With more than ten years experience in software development, technical support and documentation, I know the importance of clear, user-friendly material, presented in the most appropriate way for the audience.

I'm not just aware of it, I'm passionate about it.

Author Ink Blog

Observations and musings of a technical writer based in Hampshire.

Twisty Question #2: Why Does the Appearance of Text In My Document Change When I Alter One Little Thing?

Monday, January 26, 2015

A while ago, I wrote about being asked twisty questions about Microsoft Word in all manner of situations; it's certainly not unusual for me to be explaining the finer points of field codes or the perils of master documents over a vegetarian lasagne and a cheeky little New World Shiraz, whilst some poor victim friend with a glazed expression nods and regrets ever asking.


So, here is my second guide, based on that age-old question...


Why Does the Appearance of Text In My Microsoft Word Document Change When I Alter One Little Thing?


It's that situation where you're working on a document (typically when there's a tight deadline involved), you change the colour of one word - ONE WORD - and then suddenly lots of other text is that colour too and you have absolutely no clue how, why or when that happened.


This is down to an automatically update option that’s associated with styles. Every style in your document has this option - essentially it means: 'If I change the appearance of a piece of text which is set to this style, do I want Word to automatically update all other text that's set to this style in the same way?'


It can be a great thing! For example, suppose you have a long document with lots of headings formatted with the Heading 1 style. Now suppose you decide that these headings should be red and not black - how do you update them? You can:


(1) Work through the whole document and update each, individual heading manually


-or-


(2) Ensure that the automatically update option is switched on for the Heading 1 style, then simply update one heading - all other headings using that style will be updated too.


But, there will be times where this option is switched on for a style and it's just plain annoying - you want to update one, tiny thing, not the entire document...grrrrrrr! In this situation, you can switch the automatically update option off - here's how:


Author Ink - Auto Updating Styles Author Ink - Auto Updating Styles (410 KB)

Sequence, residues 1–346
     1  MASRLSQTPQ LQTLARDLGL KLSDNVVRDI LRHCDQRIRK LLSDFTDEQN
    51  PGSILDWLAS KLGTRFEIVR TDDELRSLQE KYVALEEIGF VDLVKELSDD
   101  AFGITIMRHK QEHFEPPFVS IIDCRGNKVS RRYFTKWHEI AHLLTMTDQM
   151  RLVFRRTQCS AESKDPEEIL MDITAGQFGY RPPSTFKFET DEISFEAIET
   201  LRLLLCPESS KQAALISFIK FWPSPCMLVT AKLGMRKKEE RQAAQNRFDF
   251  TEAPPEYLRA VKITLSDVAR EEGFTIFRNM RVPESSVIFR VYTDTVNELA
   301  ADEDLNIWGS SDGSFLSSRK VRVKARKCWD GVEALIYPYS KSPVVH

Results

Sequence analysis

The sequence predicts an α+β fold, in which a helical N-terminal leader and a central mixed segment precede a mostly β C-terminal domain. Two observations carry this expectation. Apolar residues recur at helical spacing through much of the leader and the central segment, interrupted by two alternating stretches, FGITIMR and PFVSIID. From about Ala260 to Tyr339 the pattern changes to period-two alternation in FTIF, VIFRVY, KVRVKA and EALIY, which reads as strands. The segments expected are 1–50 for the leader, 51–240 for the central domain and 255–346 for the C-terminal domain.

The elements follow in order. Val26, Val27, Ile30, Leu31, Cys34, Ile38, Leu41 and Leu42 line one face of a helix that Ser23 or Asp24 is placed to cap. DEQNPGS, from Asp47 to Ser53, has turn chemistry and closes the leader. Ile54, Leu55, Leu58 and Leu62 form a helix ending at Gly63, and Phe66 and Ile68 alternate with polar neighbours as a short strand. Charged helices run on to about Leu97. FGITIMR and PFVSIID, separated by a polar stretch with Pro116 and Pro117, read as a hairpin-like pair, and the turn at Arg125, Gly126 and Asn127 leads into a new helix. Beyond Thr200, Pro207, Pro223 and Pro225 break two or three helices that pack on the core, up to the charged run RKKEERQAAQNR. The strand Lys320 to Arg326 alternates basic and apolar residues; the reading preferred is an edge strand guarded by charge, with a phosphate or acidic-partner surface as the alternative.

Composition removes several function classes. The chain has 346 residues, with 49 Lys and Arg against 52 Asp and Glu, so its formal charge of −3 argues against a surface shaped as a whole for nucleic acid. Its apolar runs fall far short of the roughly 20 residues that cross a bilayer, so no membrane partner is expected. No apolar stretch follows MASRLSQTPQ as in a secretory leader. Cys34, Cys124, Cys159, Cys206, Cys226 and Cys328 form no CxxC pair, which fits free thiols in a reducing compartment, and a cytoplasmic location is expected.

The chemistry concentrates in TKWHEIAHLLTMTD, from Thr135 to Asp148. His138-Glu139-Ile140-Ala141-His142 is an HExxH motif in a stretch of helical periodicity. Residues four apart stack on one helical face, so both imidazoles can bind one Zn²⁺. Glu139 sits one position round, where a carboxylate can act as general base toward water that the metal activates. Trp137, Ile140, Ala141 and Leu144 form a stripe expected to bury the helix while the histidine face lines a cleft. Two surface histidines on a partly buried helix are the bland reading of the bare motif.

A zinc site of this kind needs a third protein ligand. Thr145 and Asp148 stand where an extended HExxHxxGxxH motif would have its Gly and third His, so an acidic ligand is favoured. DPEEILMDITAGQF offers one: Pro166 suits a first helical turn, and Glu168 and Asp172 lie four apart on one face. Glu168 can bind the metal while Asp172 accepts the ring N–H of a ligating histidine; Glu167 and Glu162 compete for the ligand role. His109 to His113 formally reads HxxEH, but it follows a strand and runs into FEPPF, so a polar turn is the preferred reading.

* If you enjoyed reading this post then please do leave a comment - it's always nice to hear your thoughts. Similarly, if you're looking for a technical writer for a documentation project - large or small - I'd love to hear from you!

Pasting Text in Microsoft Word (Without Trauma)

Tuesday, August 26, 2014

We've all heard tell of doctors going to dinner parties and being bombarded about the various afflictions of assembled guests, but spare a thought for the humble technical writer. 


Typically, most "And what do you do? " conversations at any sort of gathering begin with varying degrees of blankness when I say I'm a technical writer, closely followed by a spark of recognition and then, often:


"Oh! So you're good with Microsoft Word!"


Generally, I nod and try to steer the conversation towards more pressing issues of the day (What about those buns in Great British Bake Off this week? or Have you noticed how the price of tinned tomatoes has crept up?) but very often the person thinks for a few seconds and then hits me with a twisty Microsoft Word question. 


So, based on these moments, I've put together a series of short guides which are based on some of the most common questions that I've been asked.


Twisty Question #1: Why is my document a mess when I paste content from another place?


The first guide deals with the thorny issue of pasting text into a document, where the text that you need to paste might be in another document, elsewhere in your current document, or perhaps from another source altogether (for example, a web page). In theory, there's nothing simpler - everyone knows you just select the portion of text, press CTRL+C to copy it and then use Word's Paste option. Easy!


Yes, it is. But many of us will have had to deal with cases where the pasted text looks completely different to the existing content and suddenly you're faced with a re-styling task - it's annoying at the best of times, but it's infuriating when you're in a hurry. Understanding how Word's Paste options work can save a lot of time, and a lot of stress - take a few seconds to think about the type of content that you need to paste and choose the most appropriate option for the situation:


How To Paste Text Without Trauma - Infographic

Author Ink How To Guide - Pasting Text Without Trauma Author Ink How To Guide - Pasting Text Without Trauma (801 KB)


* If you enjoyed reading this post then please do leave a comment - it's always nice to hear your thoughts. Similarly, if you're looking for a technical writer for a documentation project - large or small - I'd love to hear from you.



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